Premier Lin Chuan (??) pledged Friday that the government will not extend the operating life of two of Taiwan's active nuclear power plants, but he gave assurances that the country's electricity supply will remain stable in the coming years.
The No. 1 and No. 2 nuclear power plants will be phased out according to the government's schedule, Lin said on a visit to New Taipei to see the Taipower Exhibit Center and meet with residents to discuss issues such as dealing with nuclear waste.
New Taipei is home to the two nuclear power plants scheduled to be decommissioned from 2018 to 2023.
Lin sparked controversy in June when he said consideration should be given to restarting the first reactor of the No. 1 nuclear power plant to ensure electricity supply during the summer peak season.
On Friday, Lin said one of the two reactors in each of the two nuclear power plants in New Taipei are already out of service and the government is pushing to transform the country's power supply structure.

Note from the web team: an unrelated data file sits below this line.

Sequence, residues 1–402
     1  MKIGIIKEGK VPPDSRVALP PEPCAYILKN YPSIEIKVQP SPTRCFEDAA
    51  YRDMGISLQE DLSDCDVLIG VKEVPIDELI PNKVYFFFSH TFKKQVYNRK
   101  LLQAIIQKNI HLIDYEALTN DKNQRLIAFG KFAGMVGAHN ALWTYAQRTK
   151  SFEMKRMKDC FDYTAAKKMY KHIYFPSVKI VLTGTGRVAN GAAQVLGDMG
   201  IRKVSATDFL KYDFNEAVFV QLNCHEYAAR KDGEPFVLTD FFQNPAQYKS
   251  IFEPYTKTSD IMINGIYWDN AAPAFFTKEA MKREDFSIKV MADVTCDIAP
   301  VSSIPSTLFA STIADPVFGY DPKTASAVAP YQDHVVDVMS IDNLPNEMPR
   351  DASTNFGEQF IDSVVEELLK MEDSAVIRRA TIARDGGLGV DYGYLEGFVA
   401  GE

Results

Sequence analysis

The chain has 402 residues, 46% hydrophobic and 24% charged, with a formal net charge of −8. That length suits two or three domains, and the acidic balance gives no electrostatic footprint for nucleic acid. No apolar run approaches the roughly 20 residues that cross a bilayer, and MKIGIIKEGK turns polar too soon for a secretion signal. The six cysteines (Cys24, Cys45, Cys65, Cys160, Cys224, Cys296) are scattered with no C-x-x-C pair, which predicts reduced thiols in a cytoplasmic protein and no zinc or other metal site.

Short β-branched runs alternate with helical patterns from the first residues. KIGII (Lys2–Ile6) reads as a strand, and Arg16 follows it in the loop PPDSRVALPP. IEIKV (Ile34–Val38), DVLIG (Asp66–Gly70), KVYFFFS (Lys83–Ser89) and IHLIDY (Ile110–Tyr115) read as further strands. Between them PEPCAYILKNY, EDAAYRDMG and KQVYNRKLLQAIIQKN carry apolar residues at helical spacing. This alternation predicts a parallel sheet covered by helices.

He said several alternatives were available to ensure a stable supply of electricity. "Currently, there doesn't seem to be a problem," he added.
The first reactor of the No. 1 nuclear power plant in Shimen District has been suspended since December 2014 after it underwent major maintenance. One of the reactors at the No. 2 plant in Wanli District has been out of service since April, when it underwent major maintenance, and then encountered a glitch in its electrical system.
Taiwan has three active nuclear power plants. According to the current schedule, the No. 1 reactor at the No. 1 nuclear power plant is scheduled to end service on Dec. 5, 2018, following by the phasing out of the No. 2 reactor on July 15, 2019.
The No. 2 nuclear power plant will see its No. 1 and No. 2 reactors end operations on Dec. 27, 2021 and March 14, 2023, respectively.
Under the policy of President Tsai Ing-wen's (???) administration to create a nuclear-free homeland, Taiwan's three operational nuclear power plants are scheduled to be decommissioned by 2025, while a nearly completed fourth plant will remain mothballed.
Nuclear power has traditionally accounted for nearly 20 percent of Taiwan's electricity production, raising questions about what will replace it when it is phased out.
Source: Focus Taiwan News Channel